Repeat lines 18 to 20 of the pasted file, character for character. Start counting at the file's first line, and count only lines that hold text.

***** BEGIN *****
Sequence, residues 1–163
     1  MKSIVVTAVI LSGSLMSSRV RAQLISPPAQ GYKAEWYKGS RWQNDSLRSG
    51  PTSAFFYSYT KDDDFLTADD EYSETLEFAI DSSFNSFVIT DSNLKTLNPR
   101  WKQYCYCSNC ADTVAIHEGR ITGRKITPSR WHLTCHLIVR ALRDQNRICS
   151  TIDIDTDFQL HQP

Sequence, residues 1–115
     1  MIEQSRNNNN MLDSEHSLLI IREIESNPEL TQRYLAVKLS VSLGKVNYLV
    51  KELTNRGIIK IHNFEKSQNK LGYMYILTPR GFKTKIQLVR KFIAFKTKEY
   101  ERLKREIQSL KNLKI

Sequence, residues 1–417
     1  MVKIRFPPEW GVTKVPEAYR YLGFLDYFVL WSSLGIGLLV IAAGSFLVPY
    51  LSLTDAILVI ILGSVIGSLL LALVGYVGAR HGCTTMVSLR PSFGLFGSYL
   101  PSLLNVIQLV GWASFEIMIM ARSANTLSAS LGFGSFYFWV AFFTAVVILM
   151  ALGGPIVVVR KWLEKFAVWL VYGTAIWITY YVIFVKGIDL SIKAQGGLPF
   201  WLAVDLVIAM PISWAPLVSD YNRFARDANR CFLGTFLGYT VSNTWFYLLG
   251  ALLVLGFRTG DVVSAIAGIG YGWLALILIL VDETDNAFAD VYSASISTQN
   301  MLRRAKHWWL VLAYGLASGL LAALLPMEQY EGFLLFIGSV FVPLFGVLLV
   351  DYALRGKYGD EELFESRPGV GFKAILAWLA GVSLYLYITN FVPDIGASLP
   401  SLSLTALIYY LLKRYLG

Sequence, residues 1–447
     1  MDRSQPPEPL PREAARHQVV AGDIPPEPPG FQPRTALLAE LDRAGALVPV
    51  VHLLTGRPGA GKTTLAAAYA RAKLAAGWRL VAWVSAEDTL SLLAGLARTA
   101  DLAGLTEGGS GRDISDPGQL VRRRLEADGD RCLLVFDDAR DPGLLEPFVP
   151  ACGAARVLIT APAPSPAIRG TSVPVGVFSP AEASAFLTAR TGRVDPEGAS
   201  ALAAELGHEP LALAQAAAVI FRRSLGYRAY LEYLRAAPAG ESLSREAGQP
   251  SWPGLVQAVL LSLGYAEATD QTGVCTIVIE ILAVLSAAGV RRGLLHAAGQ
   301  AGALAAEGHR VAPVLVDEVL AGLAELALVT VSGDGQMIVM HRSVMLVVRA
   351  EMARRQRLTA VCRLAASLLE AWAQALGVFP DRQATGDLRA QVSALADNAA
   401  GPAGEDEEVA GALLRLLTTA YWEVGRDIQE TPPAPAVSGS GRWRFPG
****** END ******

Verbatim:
   351  DYALRGKYGD EELFESRPGV GFKAILAWLA GVSLYLYITN FVPDIGASLP
   401  SLSLTALIYY LLKRYLG

Sequence, residues 1–447